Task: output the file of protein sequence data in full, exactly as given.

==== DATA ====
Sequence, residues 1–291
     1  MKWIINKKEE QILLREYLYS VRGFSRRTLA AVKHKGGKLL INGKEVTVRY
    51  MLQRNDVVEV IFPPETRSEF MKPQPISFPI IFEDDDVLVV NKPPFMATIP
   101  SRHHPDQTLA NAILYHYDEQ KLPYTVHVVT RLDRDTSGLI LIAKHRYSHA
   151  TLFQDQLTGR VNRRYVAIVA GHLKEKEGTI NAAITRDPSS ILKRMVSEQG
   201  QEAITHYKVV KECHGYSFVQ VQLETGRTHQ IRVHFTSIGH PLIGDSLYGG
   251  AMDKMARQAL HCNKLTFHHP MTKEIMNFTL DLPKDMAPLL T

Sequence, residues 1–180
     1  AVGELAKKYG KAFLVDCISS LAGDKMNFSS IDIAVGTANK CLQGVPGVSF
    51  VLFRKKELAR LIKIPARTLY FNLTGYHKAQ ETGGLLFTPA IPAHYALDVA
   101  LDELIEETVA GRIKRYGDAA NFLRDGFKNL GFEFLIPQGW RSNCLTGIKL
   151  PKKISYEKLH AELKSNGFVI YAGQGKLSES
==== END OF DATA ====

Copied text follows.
Sequence, residues 1–291
     1  MKWIINKKEE QILLREYLYS VRGFSRRTLA AVKHKGGKLL INGKEVTVRY
    51  MLQRNDVVEV IFPPETRSEF MKPQPISFPI IFEDDDVLVV NKPPFMATIP
   101  SRHHPDQTLA NAILYHYDEQ KLPYTVHVVT RLDRDTSGLI LIAKHRYSHA
   151  TLFQDQLTGR VNRRYVAIVA GHLKEKEGTI NAAITRDPSS ILKRMVSEQG
   201  QEAITHYKVV KECHGYSFVQ VQLETGRTHQ IRVHFTSIGH PLIGDSLYGG
   251  AMDKMARQAL HCNKLTFHHP MTKEIMNFTL DLPKDMAPLL T

Sequence, residues 1–180
     1  AVGELAKKYG KAFLVDCISS LAGDKMNFSS IDIAVGTANK CLQGVPGVSF
    51  VLFRKKELAR LIKIPARTLY FNLTGYHKAQ ETGGLLFTPA IPAHYALDVA
   101  LDELIEETVA GRIKRYGDAA NFLRDGFKNL GFEFLIPQGW RSNCLTGIKL
   151  PKKISYEKLH AELKSNGFVI YAGQGKLSES